Chicago medical students learn where they will spend residency on Match Day

Jessica D'Onofrio Image
Friday, March 15, 2024
Medical students learn where they will spend residency on Match Day
On Match Day 2024, Chicago-area medical students learned where they will spend their three-to-seven-year residencies at a Union League Club event.

CHICAGO (WLS) -- The joy and drama of "Match Day" was celebrated by medical students Friday.

Over 100 future doctors and their families learned where they will train for the next three to seven years during an event at the Union league Club.

The moment the students found our their matches was joy, pride and relief wrapped all into one, and many were checking their pulse.

The 120 future doctors from Rush Medical College opened envelopes at 11 a.m. at the Union League Club, revealing where they will train for the next several years as resident physicians in hospitals across the country.

Medical student Sera Choi was beaming. She was matched with the University of California in Irvine.

"I'm so happy," Choi said. "I feel like these past four years we've all worked so hard to get to this point."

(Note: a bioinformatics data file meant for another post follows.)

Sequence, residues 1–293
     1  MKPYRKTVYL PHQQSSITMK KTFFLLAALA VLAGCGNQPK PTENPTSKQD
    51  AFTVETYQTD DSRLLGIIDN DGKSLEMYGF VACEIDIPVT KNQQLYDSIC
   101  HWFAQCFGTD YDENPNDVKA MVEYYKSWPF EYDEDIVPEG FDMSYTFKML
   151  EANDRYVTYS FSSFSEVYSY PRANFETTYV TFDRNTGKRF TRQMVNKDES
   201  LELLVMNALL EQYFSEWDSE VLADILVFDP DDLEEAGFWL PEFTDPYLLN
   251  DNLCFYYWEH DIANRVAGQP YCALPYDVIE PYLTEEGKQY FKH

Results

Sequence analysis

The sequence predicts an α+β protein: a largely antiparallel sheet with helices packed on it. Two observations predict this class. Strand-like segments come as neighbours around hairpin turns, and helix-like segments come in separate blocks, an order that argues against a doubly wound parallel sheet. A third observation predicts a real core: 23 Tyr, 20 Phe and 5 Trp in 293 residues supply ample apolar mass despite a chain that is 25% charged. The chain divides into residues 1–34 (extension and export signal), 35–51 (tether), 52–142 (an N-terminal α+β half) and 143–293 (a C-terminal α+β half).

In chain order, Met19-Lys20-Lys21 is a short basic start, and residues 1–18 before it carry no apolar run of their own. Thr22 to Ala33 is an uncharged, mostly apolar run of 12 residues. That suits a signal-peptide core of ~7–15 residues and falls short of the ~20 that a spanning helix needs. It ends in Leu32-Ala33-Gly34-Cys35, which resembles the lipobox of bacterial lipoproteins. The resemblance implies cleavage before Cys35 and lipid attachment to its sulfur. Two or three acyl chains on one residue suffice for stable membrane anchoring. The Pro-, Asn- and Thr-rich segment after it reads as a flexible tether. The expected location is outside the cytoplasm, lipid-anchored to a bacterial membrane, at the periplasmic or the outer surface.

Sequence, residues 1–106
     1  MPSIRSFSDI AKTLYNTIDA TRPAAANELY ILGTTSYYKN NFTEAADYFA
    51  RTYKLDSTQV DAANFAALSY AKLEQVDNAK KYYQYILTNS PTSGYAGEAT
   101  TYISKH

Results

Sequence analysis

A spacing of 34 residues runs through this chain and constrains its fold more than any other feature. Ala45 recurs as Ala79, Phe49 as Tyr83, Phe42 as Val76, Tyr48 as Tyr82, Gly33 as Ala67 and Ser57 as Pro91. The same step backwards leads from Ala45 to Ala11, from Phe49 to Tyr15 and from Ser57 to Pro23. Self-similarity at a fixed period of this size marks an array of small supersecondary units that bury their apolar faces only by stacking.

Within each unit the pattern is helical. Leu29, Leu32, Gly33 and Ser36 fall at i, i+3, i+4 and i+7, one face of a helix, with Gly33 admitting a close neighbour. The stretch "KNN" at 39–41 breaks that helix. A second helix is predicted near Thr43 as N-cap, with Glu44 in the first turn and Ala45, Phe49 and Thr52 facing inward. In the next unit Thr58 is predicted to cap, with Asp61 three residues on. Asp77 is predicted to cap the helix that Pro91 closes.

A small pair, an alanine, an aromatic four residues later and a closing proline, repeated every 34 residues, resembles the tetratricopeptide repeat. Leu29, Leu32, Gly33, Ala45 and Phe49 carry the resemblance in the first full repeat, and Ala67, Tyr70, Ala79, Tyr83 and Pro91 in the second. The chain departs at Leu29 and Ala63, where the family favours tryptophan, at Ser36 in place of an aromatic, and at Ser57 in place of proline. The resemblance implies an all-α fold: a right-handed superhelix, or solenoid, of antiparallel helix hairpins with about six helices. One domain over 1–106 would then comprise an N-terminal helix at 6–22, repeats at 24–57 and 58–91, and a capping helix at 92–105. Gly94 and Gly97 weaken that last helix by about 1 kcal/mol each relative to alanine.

The fourth-year medical students also learned what specialty they'll be focusing on.

Serafino lagalbo will be going home after being matched with the University of Wisconsin.

"So I'll be going into internal medicine," lagalbo. "Hopefully pursuing a career in cardiology fellowship after that's done so I still have a lot more training to do."

MATCH DAY 2023: What is match day? Chicago medical students learn where they will spend residency

The match process begins in the fall during the final year of medical school, when the students apply to the residency programs of their choice, but not everyone gets their first pick.

Elizabeth Baker, the Sr. Assoc. Dean of Undergrad Medical Education at Rush Medical College, offered some word of wisdom.

"So I tell them make this a joyful journey," Baker said. "You don't know the path you're on. It's gonna be a great path. Make it joyful."

Parker Rea's path is leading him to the Naval Medical Center in San Diego to specialize in orthopedic surgery. He said he can't find anything more fulfilling.

"There's nothing quite like being able to step into people's pain and suffering and being able to see them become whole again," Rea said.

There were also celebrations at other medical schools Friday across the city and around the country.